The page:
Toyota Camry Most Stolen Car

2009 Toyota Camry
The Toyota Camry was the most stolen new passenger car in 2009, according to the most recent information provided by the National Crime Information Center, a government agency that is part of the FBI.

Out of all the Camrys produced in 2009, about 781 were stolen. Keep in mind that the Camry was (and is) the best-selling passenger car. So the fact that it leads the list isn't remarkable; in fact, the rate at which it was stolen was nearly half the national average. 

For every 1,000 Camrys produced in 2009, about 1.74 were stolen, NCIC says. The average car, from model years 1990-2009, was stolen at a rate of 3.58 per 1,000. Out of the 239 models NCIC reported on, the Camry’s theft rate would place 50th. Other vehicles with large aggregate thefts include the Toyota Corolla (632), Chevrolet Impala (499) and Dodge Charger (432). While the Impala and Corolla have below-average theft rates, the Charger’s rate is nearly twice the average, at 6.47 stolen out of every 1,000. Other high-volume cars with relatively high theft rates include the Chrysler 300 (4.57 per 1,000) and Mitsubishi Galant (5.1).

The cars with the highest rates of theft include the Audi S8 (8.81 per 1,000), Ford Shelby GT500 Mustang (8.61), BMW M5 (7.58), Dodge Charger (6.47) and Honda S2000 (5.60), the Detroit News reports.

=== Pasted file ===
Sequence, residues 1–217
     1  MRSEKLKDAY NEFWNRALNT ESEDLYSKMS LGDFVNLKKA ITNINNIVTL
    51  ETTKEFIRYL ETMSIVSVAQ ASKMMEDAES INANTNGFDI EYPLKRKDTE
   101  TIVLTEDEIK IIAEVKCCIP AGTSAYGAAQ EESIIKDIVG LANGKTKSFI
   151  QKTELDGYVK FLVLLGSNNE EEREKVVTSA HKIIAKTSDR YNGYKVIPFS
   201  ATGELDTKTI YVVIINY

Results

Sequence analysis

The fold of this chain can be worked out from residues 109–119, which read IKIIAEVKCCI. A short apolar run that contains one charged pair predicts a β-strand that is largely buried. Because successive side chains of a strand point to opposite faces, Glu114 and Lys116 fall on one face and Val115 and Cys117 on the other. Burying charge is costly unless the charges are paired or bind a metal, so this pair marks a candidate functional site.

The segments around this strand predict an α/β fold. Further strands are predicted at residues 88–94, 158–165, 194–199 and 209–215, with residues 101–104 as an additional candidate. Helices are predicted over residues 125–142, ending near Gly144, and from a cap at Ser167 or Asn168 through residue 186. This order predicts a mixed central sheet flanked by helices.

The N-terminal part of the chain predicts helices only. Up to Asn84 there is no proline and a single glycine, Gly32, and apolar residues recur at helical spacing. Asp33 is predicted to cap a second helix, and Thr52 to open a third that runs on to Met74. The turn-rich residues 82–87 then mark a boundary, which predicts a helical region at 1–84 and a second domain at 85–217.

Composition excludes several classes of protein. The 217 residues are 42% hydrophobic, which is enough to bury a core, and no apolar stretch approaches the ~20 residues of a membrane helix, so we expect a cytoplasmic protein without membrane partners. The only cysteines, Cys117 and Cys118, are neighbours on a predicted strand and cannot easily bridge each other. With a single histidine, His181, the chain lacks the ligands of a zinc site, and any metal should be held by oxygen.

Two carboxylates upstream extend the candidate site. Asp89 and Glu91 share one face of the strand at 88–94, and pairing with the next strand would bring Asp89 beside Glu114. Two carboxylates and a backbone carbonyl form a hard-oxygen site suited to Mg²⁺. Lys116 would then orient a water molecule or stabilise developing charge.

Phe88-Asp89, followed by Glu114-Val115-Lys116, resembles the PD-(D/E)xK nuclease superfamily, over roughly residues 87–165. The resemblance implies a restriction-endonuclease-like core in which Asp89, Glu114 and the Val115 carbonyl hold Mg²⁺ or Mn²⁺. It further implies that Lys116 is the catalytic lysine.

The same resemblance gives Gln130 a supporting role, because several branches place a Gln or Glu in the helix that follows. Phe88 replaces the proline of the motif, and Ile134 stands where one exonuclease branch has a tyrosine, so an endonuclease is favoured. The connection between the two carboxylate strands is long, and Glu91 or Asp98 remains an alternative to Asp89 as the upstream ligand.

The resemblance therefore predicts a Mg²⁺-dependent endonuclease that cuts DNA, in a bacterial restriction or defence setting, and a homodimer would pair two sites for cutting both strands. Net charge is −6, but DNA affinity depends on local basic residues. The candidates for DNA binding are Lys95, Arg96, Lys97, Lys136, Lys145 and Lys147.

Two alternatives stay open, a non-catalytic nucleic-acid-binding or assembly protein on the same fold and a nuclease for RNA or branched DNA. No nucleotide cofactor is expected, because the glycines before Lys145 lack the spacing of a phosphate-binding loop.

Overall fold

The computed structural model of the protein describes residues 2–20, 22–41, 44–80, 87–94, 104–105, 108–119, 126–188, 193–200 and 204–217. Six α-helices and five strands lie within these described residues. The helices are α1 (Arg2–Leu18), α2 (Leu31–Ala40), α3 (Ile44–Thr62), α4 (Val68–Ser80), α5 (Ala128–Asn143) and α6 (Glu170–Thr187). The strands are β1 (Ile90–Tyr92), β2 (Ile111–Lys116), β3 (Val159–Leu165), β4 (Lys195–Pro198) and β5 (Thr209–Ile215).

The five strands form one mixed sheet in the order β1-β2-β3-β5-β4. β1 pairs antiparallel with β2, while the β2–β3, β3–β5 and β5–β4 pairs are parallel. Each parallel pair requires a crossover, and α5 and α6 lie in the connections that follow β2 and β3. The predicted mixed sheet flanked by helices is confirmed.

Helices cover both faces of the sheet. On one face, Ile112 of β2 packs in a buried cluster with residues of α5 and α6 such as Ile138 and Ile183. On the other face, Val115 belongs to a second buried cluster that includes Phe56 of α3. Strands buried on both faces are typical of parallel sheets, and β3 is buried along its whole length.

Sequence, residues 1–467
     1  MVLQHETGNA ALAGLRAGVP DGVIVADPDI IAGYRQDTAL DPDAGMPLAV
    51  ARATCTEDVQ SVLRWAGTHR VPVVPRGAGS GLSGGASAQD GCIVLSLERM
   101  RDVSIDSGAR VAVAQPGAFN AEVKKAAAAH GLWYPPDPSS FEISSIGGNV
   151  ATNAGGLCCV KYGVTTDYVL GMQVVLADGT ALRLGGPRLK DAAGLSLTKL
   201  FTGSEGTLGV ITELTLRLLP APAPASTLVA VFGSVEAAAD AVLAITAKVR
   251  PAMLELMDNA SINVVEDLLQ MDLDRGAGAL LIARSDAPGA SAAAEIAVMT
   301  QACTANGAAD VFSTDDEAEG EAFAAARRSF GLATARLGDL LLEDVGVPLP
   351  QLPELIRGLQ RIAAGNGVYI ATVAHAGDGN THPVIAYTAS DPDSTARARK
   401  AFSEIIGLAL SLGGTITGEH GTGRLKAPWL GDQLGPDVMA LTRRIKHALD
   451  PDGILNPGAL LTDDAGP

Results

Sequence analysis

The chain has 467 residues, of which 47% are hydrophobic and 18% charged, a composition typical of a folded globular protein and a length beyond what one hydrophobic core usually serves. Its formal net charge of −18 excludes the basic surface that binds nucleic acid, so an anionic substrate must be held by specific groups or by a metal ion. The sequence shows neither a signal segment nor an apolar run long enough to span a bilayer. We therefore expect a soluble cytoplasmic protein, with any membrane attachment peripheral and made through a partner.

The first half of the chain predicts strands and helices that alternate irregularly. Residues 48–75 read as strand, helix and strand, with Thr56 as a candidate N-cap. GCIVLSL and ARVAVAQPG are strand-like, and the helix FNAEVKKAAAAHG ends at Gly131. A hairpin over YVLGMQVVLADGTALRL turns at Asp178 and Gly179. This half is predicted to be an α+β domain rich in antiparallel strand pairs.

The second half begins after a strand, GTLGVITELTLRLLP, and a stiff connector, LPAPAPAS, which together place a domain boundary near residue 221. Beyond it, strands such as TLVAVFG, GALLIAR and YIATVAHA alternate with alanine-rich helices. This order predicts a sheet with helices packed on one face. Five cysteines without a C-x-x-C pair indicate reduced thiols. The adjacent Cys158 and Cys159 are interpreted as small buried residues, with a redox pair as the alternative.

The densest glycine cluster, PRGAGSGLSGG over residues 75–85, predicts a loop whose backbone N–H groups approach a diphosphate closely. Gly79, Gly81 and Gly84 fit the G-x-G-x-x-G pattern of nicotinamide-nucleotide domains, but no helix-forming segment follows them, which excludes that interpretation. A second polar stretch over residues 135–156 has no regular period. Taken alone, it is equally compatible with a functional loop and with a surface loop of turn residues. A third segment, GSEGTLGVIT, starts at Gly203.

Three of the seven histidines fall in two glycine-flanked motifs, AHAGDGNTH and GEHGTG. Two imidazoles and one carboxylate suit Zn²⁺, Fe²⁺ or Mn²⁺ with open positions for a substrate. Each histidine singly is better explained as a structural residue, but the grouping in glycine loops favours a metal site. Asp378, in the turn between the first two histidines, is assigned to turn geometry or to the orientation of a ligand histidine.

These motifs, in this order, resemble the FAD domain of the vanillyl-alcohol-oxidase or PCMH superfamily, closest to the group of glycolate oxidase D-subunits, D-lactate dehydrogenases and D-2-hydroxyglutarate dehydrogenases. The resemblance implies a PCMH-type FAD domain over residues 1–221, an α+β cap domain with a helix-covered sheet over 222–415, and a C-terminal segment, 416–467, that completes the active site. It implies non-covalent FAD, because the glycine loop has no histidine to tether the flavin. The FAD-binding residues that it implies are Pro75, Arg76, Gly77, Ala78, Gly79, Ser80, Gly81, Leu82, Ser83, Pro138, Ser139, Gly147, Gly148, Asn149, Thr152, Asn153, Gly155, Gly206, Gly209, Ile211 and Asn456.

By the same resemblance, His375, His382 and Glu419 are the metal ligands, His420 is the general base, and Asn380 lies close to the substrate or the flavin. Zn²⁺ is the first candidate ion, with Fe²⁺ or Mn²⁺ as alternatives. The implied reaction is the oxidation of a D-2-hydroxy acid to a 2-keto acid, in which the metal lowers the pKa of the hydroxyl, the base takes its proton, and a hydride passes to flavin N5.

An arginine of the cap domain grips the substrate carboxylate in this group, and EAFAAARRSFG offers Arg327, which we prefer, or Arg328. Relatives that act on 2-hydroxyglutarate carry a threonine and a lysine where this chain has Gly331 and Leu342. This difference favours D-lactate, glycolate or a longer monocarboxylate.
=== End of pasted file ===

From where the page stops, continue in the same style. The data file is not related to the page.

The NCIC theft data is based on information provided from about 23,000 criminal justice agencies and other law enforcement authorities throughout the United States. Full-size pickups weren’t included in this report, though compact trucks and SUVs were. 

Despite the figures, it’s important to keep in mind that car theft has reached the lowest level since 1967, says the National Insurance Crime Bureau.

NHTSA Releases Car Theft Lists (Detroit News)

NHTSA Illustrates Cost of Auto Theft



If someone steals a Camry, who would notice?

For the Camry and others stolen often, is part of the reason (besides maybe being left unlocked, or grabbed by a tow truck) their locks and ignition system are not well thought out? I know the Ford's since '98 I believe and there maybe others, have a micro chip in the keys. Makes it much harder to start & steal. Not familiar with any Toyota's, what anti theft stuff built into their cars from factory and if so when did it start? Besides a basic "entry" alarm which folks seem to like to chirp walking across a parking lot, and I'm sure a "good thief" gets around it, do Toyota's and others go the next level such as chip in key or some other tougher method? Newer cars now have "push to starts", we'll see if that's tougher as long as people don't leave a key hidden on car. lol


To KeithO, who asked on Nov 4, 2011: "If someone steals a Camry, who would notice?". Duh ... the owner ... maybe?!


If a theif wants your car, he's probably going to get it...


The toyota camry is nowhere the top of the list. Only the theft rate matters. The total number stolen is irrelevant and misleading.

It isn't so much a question of lock quality - it's more a issue of supply and demand. For the most popular cars on the road, like the Camry, Spare parts are going to be in highest demand. More market for the cut-apart car parts means more of them will be stolen. It isn't joy riding, it's economics.


Older Camry is very popular car among the users with wide income range (from underclass to middle class) with large number of vehicles still on the road, so the ABSOLUTE number is higher compared to the other models of the same year. If everybody will be driving Ford Escort, it will be going to be most commonly stolen car as well.


I just bought 10 camry hybrid I want to know theft rate of a hybrid.

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